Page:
I’m excited to share what I’ve made. As the title suggests I’ve created an ordering and invoicing system, which is currently being used with my friend’s hobby business. The customer can use google forms to place an order, then in the backend, I’ve created an analytical app in Alteryx to pull in the orders and create invoices to print.

Some techniques used include app chaining from a Main Menu interface, in which you select the next app to run (not as straightforward as you’d think), and creating invoices in batches using the report tools. This will be the first in a blog series showing the system and how it works. But first here is what it looks like.

Google Forms contact details, and item pages

Invoice example

The Problem

My friend sent out an email to a community I’m part of, that she was offering to sell fruit and veggies direct from farmers to the group, and had an order form in a word document. I thought to myself, ‘Hey my skills in data analysis can be useful here. Why don’t I offer to process her orders into Alteryx?’. However, too many people were handwriting orders, and imagining the different ways someone could fill out a word document on a computer, it was starting to seem like a big hassle. So I looked online and found the solution in Google Forms. If everyone filled out an online form it’d be easier to get responses in the same format.

The other problem was that all the orders needed to be summed up so that my friend could go and purchase all the items. This was solved in Alteryx.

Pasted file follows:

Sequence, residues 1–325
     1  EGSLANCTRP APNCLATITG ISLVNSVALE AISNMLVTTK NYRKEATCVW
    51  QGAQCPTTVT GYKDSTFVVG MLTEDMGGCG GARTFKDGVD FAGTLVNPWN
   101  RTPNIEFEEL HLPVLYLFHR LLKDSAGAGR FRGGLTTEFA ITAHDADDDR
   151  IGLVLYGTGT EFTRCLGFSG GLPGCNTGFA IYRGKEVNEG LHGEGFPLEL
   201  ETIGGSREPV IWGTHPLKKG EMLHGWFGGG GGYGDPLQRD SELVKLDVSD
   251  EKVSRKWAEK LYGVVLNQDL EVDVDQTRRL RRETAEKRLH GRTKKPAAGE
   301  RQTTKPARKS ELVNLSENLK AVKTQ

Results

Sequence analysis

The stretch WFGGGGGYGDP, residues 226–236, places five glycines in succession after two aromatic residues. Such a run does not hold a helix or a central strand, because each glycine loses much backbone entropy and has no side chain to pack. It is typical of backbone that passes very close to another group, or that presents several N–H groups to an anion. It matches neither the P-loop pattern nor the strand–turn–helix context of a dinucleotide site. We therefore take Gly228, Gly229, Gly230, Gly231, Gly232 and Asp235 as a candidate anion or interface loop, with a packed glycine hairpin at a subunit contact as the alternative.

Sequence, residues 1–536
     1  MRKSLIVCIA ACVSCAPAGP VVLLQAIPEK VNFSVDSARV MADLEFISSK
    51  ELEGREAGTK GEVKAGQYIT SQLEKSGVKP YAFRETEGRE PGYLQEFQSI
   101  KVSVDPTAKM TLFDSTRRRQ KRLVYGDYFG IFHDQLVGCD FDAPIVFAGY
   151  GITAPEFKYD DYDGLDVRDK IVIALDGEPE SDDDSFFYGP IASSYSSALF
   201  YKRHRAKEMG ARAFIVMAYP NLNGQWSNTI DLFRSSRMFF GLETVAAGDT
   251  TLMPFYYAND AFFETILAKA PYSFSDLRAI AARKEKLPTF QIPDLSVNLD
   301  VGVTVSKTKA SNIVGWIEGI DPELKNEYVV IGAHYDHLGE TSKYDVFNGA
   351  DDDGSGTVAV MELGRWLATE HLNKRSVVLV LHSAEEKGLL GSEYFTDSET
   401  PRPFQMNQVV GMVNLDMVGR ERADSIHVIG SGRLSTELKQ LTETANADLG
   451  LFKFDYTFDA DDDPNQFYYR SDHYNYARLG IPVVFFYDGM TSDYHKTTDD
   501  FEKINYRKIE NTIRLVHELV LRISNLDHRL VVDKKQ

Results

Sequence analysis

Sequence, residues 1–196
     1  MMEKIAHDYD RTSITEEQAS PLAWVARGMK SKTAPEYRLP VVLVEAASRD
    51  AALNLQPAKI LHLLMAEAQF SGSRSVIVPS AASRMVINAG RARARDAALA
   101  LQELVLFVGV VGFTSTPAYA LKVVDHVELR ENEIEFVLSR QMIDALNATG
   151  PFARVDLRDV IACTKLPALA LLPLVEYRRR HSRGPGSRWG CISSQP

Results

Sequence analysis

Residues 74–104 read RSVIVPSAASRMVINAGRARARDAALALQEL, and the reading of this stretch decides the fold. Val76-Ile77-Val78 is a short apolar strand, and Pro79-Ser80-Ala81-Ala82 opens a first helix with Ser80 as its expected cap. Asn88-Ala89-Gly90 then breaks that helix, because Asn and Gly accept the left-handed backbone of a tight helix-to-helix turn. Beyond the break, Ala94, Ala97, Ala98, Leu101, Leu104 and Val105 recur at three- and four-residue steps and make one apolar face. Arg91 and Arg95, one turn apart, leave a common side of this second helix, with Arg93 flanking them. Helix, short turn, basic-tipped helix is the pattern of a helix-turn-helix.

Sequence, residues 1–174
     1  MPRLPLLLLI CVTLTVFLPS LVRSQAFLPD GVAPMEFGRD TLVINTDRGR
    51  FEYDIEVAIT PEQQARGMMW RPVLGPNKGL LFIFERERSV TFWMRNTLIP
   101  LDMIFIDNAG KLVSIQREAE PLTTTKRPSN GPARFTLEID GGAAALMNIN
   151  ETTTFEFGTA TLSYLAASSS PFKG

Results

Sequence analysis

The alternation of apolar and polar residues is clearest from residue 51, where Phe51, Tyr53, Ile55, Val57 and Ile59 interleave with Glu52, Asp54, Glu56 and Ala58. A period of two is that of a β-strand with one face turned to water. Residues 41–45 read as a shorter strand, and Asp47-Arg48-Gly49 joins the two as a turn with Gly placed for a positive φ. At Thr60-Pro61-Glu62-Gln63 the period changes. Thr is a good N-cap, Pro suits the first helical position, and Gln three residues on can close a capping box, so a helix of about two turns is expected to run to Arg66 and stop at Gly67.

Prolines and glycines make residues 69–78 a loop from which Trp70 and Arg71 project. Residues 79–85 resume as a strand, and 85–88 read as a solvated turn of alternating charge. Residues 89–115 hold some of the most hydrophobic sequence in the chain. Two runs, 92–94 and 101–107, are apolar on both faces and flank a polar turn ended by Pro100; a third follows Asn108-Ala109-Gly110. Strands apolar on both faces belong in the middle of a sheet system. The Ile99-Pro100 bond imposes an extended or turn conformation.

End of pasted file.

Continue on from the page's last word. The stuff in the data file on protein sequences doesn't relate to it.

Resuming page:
Using Google Forms

Google forms was so easy to use. You can make survey’s with many different response types e.g. multiple choice, short answer etc. It also has response validation, which means you can make someone write their order the way you want them to. e.g. They can only write quantities in numbers between 0 and 50, instead of people writing ‘half kilo’. They even have regex validation, however I didn’t require this, so haven’t really tried it. Another great feature is that when people submit the form you can auto-email them their responses, with a short message attached.

When it comes to using the data, you can download all the responses into a csv. However an even better way to use the data is to use the google sheets option. Its a feature where responses are automatically inputted into an online google sheet. This can then be interacted with directly in Alteryx so you don’t have to manually download anymore. The more automated the process is the better. The Google Sheets tools don’t come with Alteryx but you can download them from the community here.

Next time I’ll show the analytical app.



Frank Salmon
Author: Frank Salmon